I resigned from a software company recently to pursue my passion for developing web applications. After I've resigned I started working on building several side projects each day. I worked on making them as good as possible and learned a lot of things along the way. Now I am ready to contribute on a professional platform by joining a company and taking on new role as a web developer. But I've got employment gap of ~5 months during which I was working on my projects.

How do I effectively cover for this gap since the work I was doing wasn't exactly freelance as well? It was just me learning and building stuff during this gap. How do I put it on my resume so that my gap can be negated?

EDIT: I looked at this question How to List Personal/Side Projects as a Work Experience in Resume but I just need more opinions on how to effectively convey it to the employer through my resume?


2 Answers 2


idk that that employment gap necessarily needs to be explained on your resume. If prospective employers want to know about it then they can ask about it.

I mean, people do take employment gaps, for various reasons:

  • maybe they had some money saved up and wanted to travel the world
  • maybe someone close to them died and they just needed time to find themselves. more than a normal bereavement period would allow for.
  • maybe they had an idea for a startup and pursued it and things ultimately didn't work out
  • maybe they had a kid and wanted to spend more time with their newborn than their companies maternity / paternity policies allowed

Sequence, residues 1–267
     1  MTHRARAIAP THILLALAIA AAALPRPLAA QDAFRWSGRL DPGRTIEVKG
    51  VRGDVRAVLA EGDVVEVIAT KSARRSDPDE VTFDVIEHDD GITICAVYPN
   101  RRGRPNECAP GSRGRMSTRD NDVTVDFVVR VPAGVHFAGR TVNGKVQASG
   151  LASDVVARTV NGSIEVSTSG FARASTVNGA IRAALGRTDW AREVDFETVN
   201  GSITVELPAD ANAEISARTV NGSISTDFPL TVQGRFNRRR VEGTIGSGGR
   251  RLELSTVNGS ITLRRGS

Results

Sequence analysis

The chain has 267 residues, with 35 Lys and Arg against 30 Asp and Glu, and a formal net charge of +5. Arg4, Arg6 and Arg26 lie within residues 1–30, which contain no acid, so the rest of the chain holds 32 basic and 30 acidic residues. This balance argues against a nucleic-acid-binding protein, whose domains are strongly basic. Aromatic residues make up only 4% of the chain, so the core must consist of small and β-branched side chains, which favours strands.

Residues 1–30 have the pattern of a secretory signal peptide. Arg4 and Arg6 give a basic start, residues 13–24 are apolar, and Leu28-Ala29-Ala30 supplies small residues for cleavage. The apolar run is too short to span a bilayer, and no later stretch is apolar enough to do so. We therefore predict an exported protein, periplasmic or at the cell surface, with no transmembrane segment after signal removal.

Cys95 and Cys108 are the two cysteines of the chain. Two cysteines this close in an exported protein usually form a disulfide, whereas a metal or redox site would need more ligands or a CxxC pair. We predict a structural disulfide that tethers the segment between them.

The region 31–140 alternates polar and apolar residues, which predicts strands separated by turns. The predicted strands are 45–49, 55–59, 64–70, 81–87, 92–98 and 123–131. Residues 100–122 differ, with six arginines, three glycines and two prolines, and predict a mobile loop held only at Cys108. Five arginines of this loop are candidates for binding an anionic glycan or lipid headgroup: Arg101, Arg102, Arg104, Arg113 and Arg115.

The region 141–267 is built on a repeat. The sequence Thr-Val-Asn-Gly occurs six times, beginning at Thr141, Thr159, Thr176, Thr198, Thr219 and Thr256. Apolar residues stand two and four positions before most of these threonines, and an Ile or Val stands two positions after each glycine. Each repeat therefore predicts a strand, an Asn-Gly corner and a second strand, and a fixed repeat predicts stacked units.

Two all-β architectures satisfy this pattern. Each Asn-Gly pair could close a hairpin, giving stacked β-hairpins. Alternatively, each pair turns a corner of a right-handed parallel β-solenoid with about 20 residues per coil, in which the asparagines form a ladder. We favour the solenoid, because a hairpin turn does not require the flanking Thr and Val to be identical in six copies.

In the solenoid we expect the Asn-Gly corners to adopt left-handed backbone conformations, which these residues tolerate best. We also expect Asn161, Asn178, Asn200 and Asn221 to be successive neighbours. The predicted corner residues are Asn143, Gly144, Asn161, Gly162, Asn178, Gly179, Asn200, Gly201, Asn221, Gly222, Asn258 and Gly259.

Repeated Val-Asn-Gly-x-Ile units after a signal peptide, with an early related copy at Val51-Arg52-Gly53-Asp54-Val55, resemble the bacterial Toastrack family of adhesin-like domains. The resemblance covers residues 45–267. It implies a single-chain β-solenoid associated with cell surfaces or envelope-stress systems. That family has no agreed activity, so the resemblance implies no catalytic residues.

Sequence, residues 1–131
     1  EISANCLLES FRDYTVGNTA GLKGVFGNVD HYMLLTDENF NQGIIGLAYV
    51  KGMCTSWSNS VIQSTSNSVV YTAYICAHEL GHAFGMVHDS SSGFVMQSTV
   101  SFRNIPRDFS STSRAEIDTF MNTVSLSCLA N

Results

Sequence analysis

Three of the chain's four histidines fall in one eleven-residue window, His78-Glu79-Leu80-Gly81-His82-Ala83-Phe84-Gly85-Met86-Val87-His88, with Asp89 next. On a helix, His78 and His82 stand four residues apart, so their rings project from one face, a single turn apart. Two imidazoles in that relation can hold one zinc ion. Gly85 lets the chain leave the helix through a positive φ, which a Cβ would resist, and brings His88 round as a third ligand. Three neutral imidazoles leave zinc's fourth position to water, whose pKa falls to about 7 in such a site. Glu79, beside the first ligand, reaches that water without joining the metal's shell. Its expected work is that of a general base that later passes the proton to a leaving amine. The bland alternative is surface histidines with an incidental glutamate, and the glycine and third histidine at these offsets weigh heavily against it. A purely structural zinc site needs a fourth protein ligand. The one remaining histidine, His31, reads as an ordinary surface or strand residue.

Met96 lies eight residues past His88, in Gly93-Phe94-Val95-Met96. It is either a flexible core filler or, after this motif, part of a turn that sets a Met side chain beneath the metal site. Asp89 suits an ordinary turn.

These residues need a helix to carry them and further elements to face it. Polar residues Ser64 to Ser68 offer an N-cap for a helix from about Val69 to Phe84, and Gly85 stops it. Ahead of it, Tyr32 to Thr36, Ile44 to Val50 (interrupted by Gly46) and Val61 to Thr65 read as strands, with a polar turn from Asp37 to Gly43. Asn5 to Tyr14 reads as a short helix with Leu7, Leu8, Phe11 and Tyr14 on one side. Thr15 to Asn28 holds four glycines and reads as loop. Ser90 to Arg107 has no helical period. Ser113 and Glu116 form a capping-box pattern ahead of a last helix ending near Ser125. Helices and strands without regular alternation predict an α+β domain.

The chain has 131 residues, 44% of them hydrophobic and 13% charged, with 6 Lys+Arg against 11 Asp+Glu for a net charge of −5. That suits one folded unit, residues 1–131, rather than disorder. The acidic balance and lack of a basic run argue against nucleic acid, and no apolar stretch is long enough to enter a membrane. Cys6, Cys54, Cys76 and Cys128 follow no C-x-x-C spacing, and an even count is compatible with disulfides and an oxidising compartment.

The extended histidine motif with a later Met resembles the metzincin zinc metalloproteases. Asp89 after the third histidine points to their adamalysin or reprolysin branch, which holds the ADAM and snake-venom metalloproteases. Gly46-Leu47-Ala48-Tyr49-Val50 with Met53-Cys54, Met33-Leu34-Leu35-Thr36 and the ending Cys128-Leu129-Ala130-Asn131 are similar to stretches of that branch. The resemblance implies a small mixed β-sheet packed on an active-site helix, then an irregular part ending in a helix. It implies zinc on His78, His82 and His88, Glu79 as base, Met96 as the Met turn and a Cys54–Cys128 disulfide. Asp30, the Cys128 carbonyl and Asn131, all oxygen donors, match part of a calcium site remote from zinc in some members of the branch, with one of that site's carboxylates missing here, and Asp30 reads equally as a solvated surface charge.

• or maybe, as in your case, they just wanted to pursue their own non-for-profit projects for a while

Most of the above scenarios ought not be elaborated upon in a resume as they're simply not relevant.

That said, on LinkedIn there's a Projects section. This is where you can mention your personal projects. It's not heavily emphasized on LinkedIn but on a paper resume you could adapt that idea and put it in a section right under Employment History.

Another alternative: you could just discuss it your cover letter, if you do one. eg. why you took that time, what goals you set for yourself at the onset and how well you achieved those goals.


One of the following two options should suffice:

  • Have a separate section for your side projects / open source projects, and list them there. Then under your employment history, you can write something like:

    Jan 2019-June 2019, took a 6 month hiatus from paid employment to focus on improving the quality of my side projects; specifically .

  • Alternatively, if you can, and especially if your employment history spans more than a few years - just list the years by each job rather than the months, then don't mention the gap at all.

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